The adults were both present during our visit: the female put up a great defense, flying closely overhead. The tiercel took up his usual perch, on the parapet wall directly over the nest box, where he stood his ground. His color band reads *2/*6 [black/green], so he is the same male that’s been there since 2006. He originated from the Riverside Church (NY) in 2003, so he’s six years old this year. The female wears only a silver federal band that we have not been able to read, so we don’t know her origin. Both are now known for their ferocity in protecting their nest site!

We will be visiting the nest again in mid-June to band the three young. With luck they will all continue to thrive.

May 26, 2009
We were treated to an exciting Memorial Day weekend, with the hatching of all three eggs. The first two eggs hatched Friday (May 22), and the third hatched Saturday. The first feeding was observed on Friday at 12:40 PM, and we thank Jay Stahan, observer from Florida, for sending along the captured images.Adult feeding chicks

Feedings are frequent but brief, since the small hatchlings cannot eat much at a single feeding. The three are usually huddled together, which is normal behavior at that age. Fortunately, the weather has been good, and the temperatures have not been any problem for the young or the adults. The female will continue to brood them closely for the next ten days or so, and the male will continue to do much of the hunting and delivering food to the female.

We welcome the new family to 101 Hudson Street! Keep watching...they grow up fast.

May 15, 2009
Viewers have been observing the patience and diligence required to incubate eggs to hatching. It takes constant attendance by an incubating adult, keeping the eggs close to 98 degrees for 32-33 days. The female usually does most of the incubation, while the male does most of the hunting and incubates while the female takes breaks to eat and stretch. We expect hatching to occur in Jersey City around May 20-21.
In other New Jersey peregrine nests, chicks have hatched already at some nests, beginning as early as May 2, and many nests have chicks hatching this week. ENSP staff and volunteers monitor nests to determine hatching dates and hatching success, and will keep watching to determine how many young fledge from each. We band the young peregrines when they are 3 to 4 weeks of age, just a couple weeks before they take their first flight.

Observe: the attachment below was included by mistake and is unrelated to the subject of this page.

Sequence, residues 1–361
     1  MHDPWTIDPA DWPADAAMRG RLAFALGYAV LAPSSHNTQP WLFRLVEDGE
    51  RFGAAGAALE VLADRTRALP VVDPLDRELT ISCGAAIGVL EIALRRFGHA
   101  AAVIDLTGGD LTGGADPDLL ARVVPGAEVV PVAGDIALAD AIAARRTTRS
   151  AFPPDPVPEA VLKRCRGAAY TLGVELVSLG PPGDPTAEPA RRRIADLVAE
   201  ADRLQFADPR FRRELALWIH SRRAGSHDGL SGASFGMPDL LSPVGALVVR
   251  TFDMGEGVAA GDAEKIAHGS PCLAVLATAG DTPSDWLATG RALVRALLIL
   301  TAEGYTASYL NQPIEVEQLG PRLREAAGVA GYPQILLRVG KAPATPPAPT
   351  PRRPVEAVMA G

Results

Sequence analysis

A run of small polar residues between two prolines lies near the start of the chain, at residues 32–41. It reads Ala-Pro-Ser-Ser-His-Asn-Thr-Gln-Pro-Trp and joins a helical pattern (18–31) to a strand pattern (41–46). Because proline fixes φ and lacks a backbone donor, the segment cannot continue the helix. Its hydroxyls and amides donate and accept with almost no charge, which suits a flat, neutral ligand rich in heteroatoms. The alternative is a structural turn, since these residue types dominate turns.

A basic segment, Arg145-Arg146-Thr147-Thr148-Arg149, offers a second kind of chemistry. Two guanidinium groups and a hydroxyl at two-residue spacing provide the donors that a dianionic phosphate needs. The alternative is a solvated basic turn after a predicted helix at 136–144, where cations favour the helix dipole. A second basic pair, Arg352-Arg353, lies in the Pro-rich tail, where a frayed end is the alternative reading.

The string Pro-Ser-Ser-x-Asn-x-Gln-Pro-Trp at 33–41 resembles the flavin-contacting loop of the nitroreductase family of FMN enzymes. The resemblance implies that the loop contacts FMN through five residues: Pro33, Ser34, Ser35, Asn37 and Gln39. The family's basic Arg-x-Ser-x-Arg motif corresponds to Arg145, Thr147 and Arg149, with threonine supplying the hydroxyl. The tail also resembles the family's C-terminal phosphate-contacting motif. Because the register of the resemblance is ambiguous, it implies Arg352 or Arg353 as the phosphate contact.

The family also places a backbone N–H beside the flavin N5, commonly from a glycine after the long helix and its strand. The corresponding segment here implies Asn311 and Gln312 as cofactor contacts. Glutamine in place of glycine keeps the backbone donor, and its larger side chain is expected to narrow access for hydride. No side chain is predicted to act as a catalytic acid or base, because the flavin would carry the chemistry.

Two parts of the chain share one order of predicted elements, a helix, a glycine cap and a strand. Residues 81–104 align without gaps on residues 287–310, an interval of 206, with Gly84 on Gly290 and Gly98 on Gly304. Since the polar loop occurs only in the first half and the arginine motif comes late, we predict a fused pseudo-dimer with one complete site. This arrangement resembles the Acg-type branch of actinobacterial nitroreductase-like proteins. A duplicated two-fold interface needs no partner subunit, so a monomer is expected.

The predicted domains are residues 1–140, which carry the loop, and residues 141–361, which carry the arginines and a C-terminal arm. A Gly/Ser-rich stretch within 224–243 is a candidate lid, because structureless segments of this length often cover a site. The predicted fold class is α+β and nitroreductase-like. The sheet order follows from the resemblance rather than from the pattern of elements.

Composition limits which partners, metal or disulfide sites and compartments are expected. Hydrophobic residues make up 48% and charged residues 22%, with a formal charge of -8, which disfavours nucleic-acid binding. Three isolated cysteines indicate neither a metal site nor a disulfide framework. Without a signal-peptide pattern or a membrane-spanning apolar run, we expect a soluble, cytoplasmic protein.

All peregrine falcon nesting results are compiled and reported in our annual reports. In addition, this year’s results will be submitted to the U. S. Fish and Wildlife Service since 2009 is one of the survey years as determined by the Federal post-delisting monitoring plan.

Newly hatched chick
Peregrine hatching has begun in NJ, and is expected at 101 Hudson St. next week.
Click to enlarge
Peregrine falcons were taken off the Federal list of endangered species in 1999, and the U. S. Fish and Wildlife Service established a plan for monitoring populations in the 15-year post-delisting period. This is to make sure the species does not backslide after removal of Federal endangered species protections. So we will report on a sample of nests at three-year intervals that began in 2003 and end in 2015. However, we monitor the entire peregrine falcon population annually for the purposes of tracking this State-endangered species.

April 22, 2009
Happy Earth Day! Spring is in full swing, complete with seemingly endless rainy days. Those rains feed spring vegetation and overflow vernal ponds, but can be tough on birds sitting tight on their eggs, sheltering young nestlings, or trying to find food.

The Jersey City peregrines have been sitting tight on their new clutch of eggs. The second egg appeared Thursday morning, and the third egg on late Saturday afternoon. They have been sitting so tight since Saturday that we thought the clutch was complete with three eggs, but a nest watcher saw four eggs. Chances are that fourth egg was laid on Monday, April 20.

Watchers will note that the birds seem especially vigilant about incubating, which is good on these cool, rainy days. As of this season, the nest box no longer opens to the east-northeast, so the nest should be safe from the strong nor’easters we’ve seen in the last few springs. The birds should be incubating constantly for the next 32 days or so, then we can look forward to some great views of hatching and chicks!

April 13, 2009
Many of us breathed a big sigh of relief today! The first egg was laid late this afternoon, after weeks of waiting and thinking, "any time now." We don’t know the reason for the late start this season, but are happy that the Jersey City peregrines’ season is under way.

We can look forward to a new egg every two days or so until there is a full clutch of three or four (rarely, five). Full, close incubation begins when the clutch is complete, but the adults will brood the eggs closely when it’s cool outside, and may stand near or over the eggs when it’s warm out.